Medicare’s New Timely Filing Rules

CMS Changes the edits for timely filing denials on claims

Medicare has always had the most relaxed rules regarding timely filing. Under the old rules Medicare claims could be submitted for the last quarter of the year prior to the previous year – which means that claims for dates of service 10/1/08 or after can be submitted up to December 31st of 2010. There was a 10% penalty for any claims older than one year, but they would still be paid on. That has come to an end.

Under the new edits, claims will only be processed for payment for up to a calendar year. So for date of service June 22, 2010 the claim must be submitted prior to June 22, 2011.

The implementation of the new edits will be as follows: All claims with service dates prior to 1/1/2010 must be submitted prior to 12/31/2010 and will be processed according to the old guidelines. All dates of service 1/1/2010 and after will be subject to the new guidelines and will only be allowed within one calendar year.

This new ruling affects all Medicare provider types. It affects all physicians, providers and suppliers that submit claims to Medicare contractors including durable medical equipment suppliers, home health, Medicare Parts A & B. Basically anyone who provides services to Medicare beneficiaries and submits claims for those services.

It is important that anyone who does billing for Medicare providers understands the new edits. Much money can be lost. Don’t wait till the last minute. Begin clearing up any Medicare claims for dates of service prior to January 1st of 2010 now.

If you follow some key guidelines you should not have any problems even under the new edits. Claims should be submitted as close to the date of service as possible. If submitting electronically, electronic reports should be read and acted upon. Whether submitting on paper or electronically, follow up or aging reports should be run regularly and worked on. Any claims over 20 days if submitting electronically, and 45 days if submitting on paper should be checked on. Any denials received by Medicare should be acted upon quickly. If there is something that can be corrected, fix it and rebill quickly. If it is a patient issue, bill the patient so that they can handle anything from their end that needs to be done. This allows time to resubmit if necessary.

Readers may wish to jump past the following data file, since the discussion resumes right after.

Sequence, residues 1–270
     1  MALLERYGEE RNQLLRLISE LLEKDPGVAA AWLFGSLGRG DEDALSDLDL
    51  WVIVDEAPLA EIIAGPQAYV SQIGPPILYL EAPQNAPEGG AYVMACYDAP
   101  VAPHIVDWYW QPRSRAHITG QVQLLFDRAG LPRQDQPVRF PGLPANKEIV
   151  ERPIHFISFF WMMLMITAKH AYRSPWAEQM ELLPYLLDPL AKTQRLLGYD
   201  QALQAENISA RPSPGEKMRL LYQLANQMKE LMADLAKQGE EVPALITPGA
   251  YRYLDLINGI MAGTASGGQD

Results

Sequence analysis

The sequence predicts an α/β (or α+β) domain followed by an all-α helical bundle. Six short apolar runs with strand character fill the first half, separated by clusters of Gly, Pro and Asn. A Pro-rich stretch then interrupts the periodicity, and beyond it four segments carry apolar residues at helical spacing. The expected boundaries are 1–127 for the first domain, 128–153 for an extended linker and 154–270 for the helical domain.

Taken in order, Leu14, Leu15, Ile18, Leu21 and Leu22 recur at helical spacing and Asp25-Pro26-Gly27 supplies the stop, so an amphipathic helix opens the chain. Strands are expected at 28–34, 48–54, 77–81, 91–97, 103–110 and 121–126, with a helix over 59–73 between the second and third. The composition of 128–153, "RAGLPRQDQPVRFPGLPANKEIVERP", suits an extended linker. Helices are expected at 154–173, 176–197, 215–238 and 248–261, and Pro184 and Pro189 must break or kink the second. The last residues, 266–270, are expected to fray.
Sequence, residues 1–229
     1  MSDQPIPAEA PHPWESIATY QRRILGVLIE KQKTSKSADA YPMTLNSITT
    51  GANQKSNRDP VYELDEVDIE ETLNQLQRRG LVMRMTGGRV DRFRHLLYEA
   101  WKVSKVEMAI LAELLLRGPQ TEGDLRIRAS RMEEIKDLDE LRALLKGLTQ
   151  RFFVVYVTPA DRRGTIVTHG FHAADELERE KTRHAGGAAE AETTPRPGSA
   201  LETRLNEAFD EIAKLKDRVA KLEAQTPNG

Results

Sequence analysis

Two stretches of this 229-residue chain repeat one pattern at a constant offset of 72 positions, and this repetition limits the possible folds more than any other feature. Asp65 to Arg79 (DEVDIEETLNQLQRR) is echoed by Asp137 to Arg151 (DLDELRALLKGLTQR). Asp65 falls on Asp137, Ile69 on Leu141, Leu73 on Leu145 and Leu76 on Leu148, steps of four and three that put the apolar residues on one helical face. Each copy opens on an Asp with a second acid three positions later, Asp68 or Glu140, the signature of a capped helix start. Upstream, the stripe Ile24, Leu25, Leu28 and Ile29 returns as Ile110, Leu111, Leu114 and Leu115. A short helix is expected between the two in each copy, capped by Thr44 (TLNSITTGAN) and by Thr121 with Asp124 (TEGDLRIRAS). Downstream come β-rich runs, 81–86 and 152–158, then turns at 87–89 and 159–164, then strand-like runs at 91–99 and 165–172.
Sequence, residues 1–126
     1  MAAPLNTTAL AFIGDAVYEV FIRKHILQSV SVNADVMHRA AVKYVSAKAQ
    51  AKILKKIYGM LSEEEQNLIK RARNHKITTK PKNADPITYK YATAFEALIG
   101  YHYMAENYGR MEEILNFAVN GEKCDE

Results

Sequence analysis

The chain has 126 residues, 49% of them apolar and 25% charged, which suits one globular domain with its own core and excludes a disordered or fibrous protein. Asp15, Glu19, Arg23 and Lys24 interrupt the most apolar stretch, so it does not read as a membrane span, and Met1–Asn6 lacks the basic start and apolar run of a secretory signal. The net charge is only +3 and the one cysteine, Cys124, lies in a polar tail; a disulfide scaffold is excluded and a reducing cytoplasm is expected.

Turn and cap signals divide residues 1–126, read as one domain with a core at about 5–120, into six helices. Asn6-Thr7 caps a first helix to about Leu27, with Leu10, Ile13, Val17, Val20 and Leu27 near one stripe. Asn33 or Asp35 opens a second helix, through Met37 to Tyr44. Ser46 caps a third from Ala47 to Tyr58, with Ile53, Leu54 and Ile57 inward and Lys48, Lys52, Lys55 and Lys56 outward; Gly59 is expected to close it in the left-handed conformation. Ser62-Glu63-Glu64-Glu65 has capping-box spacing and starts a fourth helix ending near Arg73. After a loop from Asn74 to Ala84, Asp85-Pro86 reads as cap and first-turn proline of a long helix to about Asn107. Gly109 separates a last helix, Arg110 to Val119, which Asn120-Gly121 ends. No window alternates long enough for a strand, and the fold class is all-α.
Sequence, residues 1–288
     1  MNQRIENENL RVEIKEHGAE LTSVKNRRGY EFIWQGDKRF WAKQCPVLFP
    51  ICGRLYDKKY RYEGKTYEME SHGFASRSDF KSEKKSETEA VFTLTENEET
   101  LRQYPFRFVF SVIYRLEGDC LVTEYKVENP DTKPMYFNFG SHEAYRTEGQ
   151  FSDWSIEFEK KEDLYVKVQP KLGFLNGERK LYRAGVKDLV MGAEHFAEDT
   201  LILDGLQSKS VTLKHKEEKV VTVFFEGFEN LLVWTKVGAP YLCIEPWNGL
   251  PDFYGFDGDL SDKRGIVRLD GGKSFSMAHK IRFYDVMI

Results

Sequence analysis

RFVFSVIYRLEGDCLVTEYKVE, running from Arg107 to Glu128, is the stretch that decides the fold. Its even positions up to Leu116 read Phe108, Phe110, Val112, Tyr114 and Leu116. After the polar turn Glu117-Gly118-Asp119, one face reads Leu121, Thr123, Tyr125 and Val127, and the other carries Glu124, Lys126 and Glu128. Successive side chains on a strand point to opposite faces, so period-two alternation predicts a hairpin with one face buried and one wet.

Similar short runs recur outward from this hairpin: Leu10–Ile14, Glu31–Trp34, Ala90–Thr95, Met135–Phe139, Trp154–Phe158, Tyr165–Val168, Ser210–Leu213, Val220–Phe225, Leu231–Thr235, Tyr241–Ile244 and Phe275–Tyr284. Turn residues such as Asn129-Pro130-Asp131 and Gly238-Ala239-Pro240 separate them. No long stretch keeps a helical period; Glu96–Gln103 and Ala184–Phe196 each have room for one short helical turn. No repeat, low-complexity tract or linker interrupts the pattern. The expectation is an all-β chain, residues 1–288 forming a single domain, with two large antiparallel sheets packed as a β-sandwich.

Honestly, the old rules were nice for us as a billing service. If we went into an office that was having billing issues we could usually recover most of their Medicare money. But with current accounts the timely filing edits didn’t effect us. Our policy is to not let claims get that old. But for offices that do not have good billing practices, the new edits may be tough.

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8 Responses to “Medicare’s New Timely Filing Rules”

  1. Chandrasheker Boreda Says:

    Please send me the new updates in medical billing and also coding

  2. Chandrasheker Boreda Says:

    In MLN online trainings its says that the time limit is more than one callender.
    For example: If the DOS is Jan – Sep -2008 then the claim sibmitted by Dec-31 -2009

    For Example : If the DOS is Oct- Dec- 2008 then the claim submitted by Dec -31–2010

    • solutionsmedicalbilling Says:

      I’m not familiar with MLN online trainings, but the official ruling from Medicare is beginning 1/1/2010 it will be one year. Any services prior to 1/1/2010 go by the old ruling, so that is correct, DOS after 10/1/2008 have until 12/31/2010 to be submitted. anything prior to 10/1/2008 would have had to be in by 12/31/2009.

  3. neema chaudhari Says:

    Hi, i just want to know how this new Medicare time billing process affects to provider and any benefits for the patient that is shown by this law?

    • solutionsmedicalbilling Says:

      There is really no benefit or harm to the patient with this new law. It affects the provider because the provider now has a smaller time frame in which to get claims paid. It will require providers to be more diligent in filing Medicare claims, and handling any denials or resubmitting any claims.

  4. robert Says:

    I had a claim processed by a hospital in Texas in 5/23/2008. They had billed my secondary insurance instead of medicare first. My secondary paid off bill and then retracted payment 2 years later because Medicare should of paid off first. Now Medicare won’t pay the bill at all and Hospital lost appeal. They want to hold me responsible. I was in ER while my daughter was producing medicla coverage ID. They claim they never saw Medicare ID. What am I to do?

    • solutionsmedicalbilling Says:

      Wow, that is a tough position. Was your daughter aware of the fact that you had Medicare and does she recall if she gave them your Medicare card? If she is sure she notified them then I would dispute the bill. If they will not work with you, you can call Medicare and ask what you can do. If they are a Medicare facility, and they are not following Medicare rules, Medicare will contact them on your behalf.

      Best of Luck!


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